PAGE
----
This game was what the Knicks look like when the three ball is falling — they can score in bunches. In the first half it was the long ball that carried the Knicks — 10 threes and a total of 65 points by the break.

The other part of that was their bench. Jason Kidd was 4-of-6 from three for the game, J.R. Smith had 22, and Chris Copeland exploited his matchup with Nick Collison in the first half (Collison isn’t quick enough to cover him on the perimeter and Scott Brooks stuck with that matchup for way longer than he should have).

This was a close game — 110-109 New York with 4 minutes left — and it was the Knicks that made plays down the stretch.

It was Anthony driving baseline again, missing and getting his own rebound again and scoring. It was Tyson Chandler contesting and forcing Durant to miss a floater. It was a J.R. Smith stepback 20 footer then a possession later a 26-foot three off a broken play.

The Thunder made plays also down the stretch — Westbrook in particular with a steal and bucket, then a key three — but it wasn’t enough. When the Knicks offense is clicking they can just outscore teams. That’s what they did.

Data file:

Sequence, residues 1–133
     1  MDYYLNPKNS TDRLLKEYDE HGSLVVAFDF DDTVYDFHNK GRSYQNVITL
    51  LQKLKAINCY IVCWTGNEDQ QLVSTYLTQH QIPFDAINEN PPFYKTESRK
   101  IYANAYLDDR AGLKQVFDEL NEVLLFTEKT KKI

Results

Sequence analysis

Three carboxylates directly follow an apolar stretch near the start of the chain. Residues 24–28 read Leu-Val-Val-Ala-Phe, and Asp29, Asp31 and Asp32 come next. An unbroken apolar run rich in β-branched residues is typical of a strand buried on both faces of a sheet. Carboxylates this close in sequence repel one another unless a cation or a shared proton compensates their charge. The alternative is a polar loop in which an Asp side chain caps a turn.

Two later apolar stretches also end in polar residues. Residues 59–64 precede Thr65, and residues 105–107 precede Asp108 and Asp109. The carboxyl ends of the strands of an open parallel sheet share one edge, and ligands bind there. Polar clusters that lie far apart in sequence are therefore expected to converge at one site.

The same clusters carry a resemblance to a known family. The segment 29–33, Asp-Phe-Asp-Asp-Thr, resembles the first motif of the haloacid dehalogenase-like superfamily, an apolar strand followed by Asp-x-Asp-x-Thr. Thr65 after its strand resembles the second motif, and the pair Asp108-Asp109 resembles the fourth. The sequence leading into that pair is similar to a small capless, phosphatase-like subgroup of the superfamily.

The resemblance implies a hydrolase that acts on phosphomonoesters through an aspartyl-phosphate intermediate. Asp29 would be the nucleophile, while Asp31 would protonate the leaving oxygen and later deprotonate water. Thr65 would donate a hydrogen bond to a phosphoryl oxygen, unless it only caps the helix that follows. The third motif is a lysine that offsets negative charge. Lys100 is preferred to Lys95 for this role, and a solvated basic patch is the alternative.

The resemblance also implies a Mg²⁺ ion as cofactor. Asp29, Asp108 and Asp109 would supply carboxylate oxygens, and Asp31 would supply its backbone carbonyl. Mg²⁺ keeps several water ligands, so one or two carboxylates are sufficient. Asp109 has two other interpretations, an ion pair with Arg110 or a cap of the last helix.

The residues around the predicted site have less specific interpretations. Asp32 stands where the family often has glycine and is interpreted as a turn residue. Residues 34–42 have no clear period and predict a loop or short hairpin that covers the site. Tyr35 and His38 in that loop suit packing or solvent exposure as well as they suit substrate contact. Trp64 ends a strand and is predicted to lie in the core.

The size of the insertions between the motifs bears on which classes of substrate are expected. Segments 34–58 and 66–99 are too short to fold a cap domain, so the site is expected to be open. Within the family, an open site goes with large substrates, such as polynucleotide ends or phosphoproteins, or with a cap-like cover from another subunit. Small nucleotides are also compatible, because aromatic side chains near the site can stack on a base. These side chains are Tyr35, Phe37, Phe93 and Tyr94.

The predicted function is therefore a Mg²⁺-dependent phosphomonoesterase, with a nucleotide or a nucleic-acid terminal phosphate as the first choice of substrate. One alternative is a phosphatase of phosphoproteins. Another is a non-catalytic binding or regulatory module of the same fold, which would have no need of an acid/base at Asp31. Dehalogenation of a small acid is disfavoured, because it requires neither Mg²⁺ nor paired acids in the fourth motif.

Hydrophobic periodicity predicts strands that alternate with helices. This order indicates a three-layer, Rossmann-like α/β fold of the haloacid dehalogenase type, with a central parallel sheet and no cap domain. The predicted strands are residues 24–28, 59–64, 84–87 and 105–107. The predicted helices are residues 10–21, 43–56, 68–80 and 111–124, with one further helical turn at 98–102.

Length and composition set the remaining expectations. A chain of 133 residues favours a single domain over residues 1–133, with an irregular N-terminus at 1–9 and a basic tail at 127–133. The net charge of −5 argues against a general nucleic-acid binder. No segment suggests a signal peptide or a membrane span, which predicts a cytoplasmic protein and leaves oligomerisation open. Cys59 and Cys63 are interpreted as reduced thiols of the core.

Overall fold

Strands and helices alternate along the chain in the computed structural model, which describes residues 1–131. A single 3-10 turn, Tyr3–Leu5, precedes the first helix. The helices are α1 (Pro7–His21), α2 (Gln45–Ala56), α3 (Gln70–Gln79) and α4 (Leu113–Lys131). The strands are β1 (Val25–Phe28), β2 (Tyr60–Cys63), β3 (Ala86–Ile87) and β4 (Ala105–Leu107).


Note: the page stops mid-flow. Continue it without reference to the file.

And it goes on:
It felt like a playoff game and the Knicks have won again. They look ready for the postseason in 10 days and like a team that can do a lot of damage when it starts.

Zach LaVine edges Aaron Gordon in epic, insane Dunk Contest

Minnesota Timberwolves Zach LaVine slam dunks the ball during the NBA all-star skills competition in Toronto on Saturday, Feb. 13, 2016. (Mark Blinch/The Canadian Press via AP) MANDATORY CREDIT
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TORONTO — That. Was. Amazing.

In a dunk contest that will go down with the all-time greats — Jordan vs. Dominique, Dr. J from the free throw line — Minnesota’s Zach LaVine defended his dunk contest title. Barely. Because Orlando’s Aaron Gordon was doing dunks nobody had ever seen before.

And LaVine was bringing it just as hard.